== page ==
"Reports to the website began coming in by mid-April, which corresponds with the species' emergence from winter dormancy," reports Kapfer. "Sightings continued through early September, with the last substantiated bullsnake report coming in on July 17, 2007. A total of 43 snake sightings were submitted."
Ten bullsnake sightings from four counties (Monroe, Sauk, Dane and Columbia) were substantiated by photographs. Four more sightings from Grant, Richland and Crawford counties were not verified by photo but were considered valid due to observer experience. Ten additional sightings were possibly of bullsnakes, but could not be fully verified. Kapfer stresses that such reports are still valuable in guiding future survey efforts by state herpetologists. Two unsubstantiated sightings from Jackson and Burnett counties were of particular interest because both locations represent the periphery of this species' range and more information from such locations is important to its conservation.
"We're not done yet!" says Kapfer. "We ask that you please continue to submit your observations at Report a Bullsnake Sighting. You'll also find photographs of bullsnakes, photographs of confusing similar species, a range map and life history information. I can't emphasize enough the importance of submitting pictures with your sightings. The success of this initiative relies on the diligence of citizen naturalists and those who own private land, which may be suitable for this species. Snakes are members of that oft-maligned, frequently ignored niche of wildlife that need your support. So, please continue to watch where you step, carry a camera and tell your friends to be on the lookout for some of Wisconsin's most elusive creatures!"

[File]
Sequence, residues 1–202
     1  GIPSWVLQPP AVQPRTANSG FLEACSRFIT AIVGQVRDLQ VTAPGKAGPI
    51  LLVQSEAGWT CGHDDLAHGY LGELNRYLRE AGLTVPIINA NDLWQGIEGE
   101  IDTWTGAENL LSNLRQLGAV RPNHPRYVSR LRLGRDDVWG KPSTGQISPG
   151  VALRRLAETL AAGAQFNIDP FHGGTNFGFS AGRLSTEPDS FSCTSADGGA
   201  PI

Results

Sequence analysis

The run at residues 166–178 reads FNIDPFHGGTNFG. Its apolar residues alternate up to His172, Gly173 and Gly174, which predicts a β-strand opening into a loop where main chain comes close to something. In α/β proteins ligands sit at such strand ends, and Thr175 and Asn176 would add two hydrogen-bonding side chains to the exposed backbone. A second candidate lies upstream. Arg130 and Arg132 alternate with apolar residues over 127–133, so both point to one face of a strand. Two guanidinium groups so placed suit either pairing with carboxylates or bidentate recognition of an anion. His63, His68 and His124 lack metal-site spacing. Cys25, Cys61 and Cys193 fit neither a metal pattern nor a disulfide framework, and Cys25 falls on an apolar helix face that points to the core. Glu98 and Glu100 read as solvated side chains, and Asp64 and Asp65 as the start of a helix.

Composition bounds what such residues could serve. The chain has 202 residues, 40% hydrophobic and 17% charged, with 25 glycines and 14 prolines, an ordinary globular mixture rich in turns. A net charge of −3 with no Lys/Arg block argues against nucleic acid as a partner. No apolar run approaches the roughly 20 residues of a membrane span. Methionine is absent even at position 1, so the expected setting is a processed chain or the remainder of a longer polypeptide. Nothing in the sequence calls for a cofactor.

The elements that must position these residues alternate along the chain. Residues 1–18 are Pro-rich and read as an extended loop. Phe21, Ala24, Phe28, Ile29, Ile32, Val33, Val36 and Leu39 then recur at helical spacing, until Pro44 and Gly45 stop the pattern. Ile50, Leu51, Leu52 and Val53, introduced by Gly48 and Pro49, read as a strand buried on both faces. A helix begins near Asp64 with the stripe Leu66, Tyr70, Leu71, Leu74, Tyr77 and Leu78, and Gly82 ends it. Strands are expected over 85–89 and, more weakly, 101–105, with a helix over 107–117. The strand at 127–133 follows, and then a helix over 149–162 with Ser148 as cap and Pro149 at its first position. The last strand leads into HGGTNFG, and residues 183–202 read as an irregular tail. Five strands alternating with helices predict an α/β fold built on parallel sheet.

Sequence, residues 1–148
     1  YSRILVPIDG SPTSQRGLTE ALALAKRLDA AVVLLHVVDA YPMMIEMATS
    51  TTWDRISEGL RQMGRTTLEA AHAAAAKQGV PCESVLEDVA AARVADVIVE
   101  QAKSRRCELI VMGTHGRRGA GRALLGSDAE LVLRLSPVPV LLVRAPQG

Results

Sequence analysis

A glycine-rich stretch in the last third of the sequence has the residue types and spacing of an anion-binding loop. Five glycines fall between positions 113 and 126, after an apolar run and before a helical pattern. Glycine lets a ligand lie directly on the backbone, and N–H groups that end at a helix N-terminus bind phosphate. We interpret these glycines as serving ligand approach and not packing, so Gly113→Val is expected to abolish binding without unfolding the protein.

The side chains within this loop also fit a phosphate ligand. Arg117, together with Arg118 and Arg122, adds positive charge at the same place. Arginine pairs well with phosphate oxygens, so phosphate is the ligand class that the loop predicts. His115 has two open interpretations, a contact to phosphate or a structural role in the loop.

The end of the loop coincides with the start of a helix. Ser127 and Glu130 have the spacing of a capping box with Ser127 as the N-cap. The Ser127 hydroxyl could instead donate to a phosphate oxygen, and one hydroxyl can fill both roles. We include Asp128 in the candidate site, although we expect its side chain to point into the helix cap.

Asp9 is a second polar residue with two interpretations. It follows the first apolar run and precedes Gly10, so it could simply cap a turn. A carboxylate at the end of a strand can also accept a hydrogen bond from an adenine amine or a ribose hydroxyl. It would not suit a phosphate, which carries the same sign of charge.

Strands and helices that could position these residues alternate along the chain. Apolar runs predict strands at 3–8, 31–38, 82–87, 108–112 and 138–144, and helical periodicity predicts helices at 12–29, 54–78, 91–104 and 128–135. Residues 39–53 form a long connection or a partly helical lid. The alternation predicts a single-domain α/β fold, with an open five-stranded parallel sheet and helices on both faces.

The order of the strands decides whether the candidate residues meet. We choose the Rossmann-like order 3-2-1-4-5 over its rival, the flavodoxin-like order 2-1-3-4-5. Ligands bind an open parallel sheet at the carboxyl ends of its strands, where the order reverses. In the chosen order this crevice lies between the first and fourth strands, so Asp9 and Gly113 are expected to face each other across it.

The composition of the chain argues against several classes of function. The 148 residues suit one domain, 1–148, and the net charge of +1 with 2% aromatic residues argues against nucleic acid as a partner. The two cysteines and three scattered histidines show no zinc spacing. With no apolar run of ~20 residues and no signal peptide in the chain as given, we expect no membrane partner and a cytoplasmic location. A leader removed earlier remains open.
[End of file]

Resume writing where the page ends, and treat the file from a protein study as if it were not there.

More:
Joshua M. Kapfer, Ph.D., until last August, was a herpetologist with DNR's Bureau of Endangered Resources. He is currently a wildlife biologist with Natural Resources Consulting, Inc. (Cottage Grove, Wis.). If you have any questions about native amphibians and reptiles, please contact him at Josh Kapfer.
Since first sighted in Wisconsin in 2000, feral pigs have been reported in 29 counties and DNR wildlife managers continue to encourage hunters and landowners to shoot them year-round. Hunters need a small game license, but landowners do not.
Dave Matheys, wildlife biologist for Vernon and Crawford counties, recently told the Green Bay Press-Gazette that 32 pigs were harvested in 2007 in Crawford County, the only county in Wisconsin with a self-sustaining wild pig population estimated at 50 to 100 animals. Matheys said last year DNR received reports of wild pig sightings or shootings in Calumet, Clark, Crawford, Eau Claire, Jackson, Marathon, Oneida, Pierce, Polk, Sauk, St. Croix and Wood counties.
Aside from being non-native to Wisconsin, wild pigs are undesirable because they damage agricultural lands and wildlife habitat, and pose a threat to domestic swine from diseases like brucellosis and pseudo rabies. Feral pigs reproduce any time of year, adapt well to a range of habitats and are very smart. During the warmer months they tend to be nocturnal, but in winter they are more active in early morning and late afternoon. They can be hunted 24 hours a day because they are an unprotected species.
Matheys said DNR has plans to survey Crawford County lands where pigs are concentrated so hunting and trapping efforts can target those locations. "We really want to do more trapping because hunting alone hasn't eradicated the pigs."
Mark your calendar for this three-day event Thursday, May 22nd through Saturday, May 24th. Experienced naturalists will be leading field trips to search out wildflowers, birds and insects. Lectures, night hikes, canoe trips and a barn dance Saturday night add to the festivities. Sponsored by the Door County Land Trust, Wisconsin Department of Natural Resources, Crossroads at the Creek and The Clearing. Visit The Ridges Sanctuary for details, registration information and costs.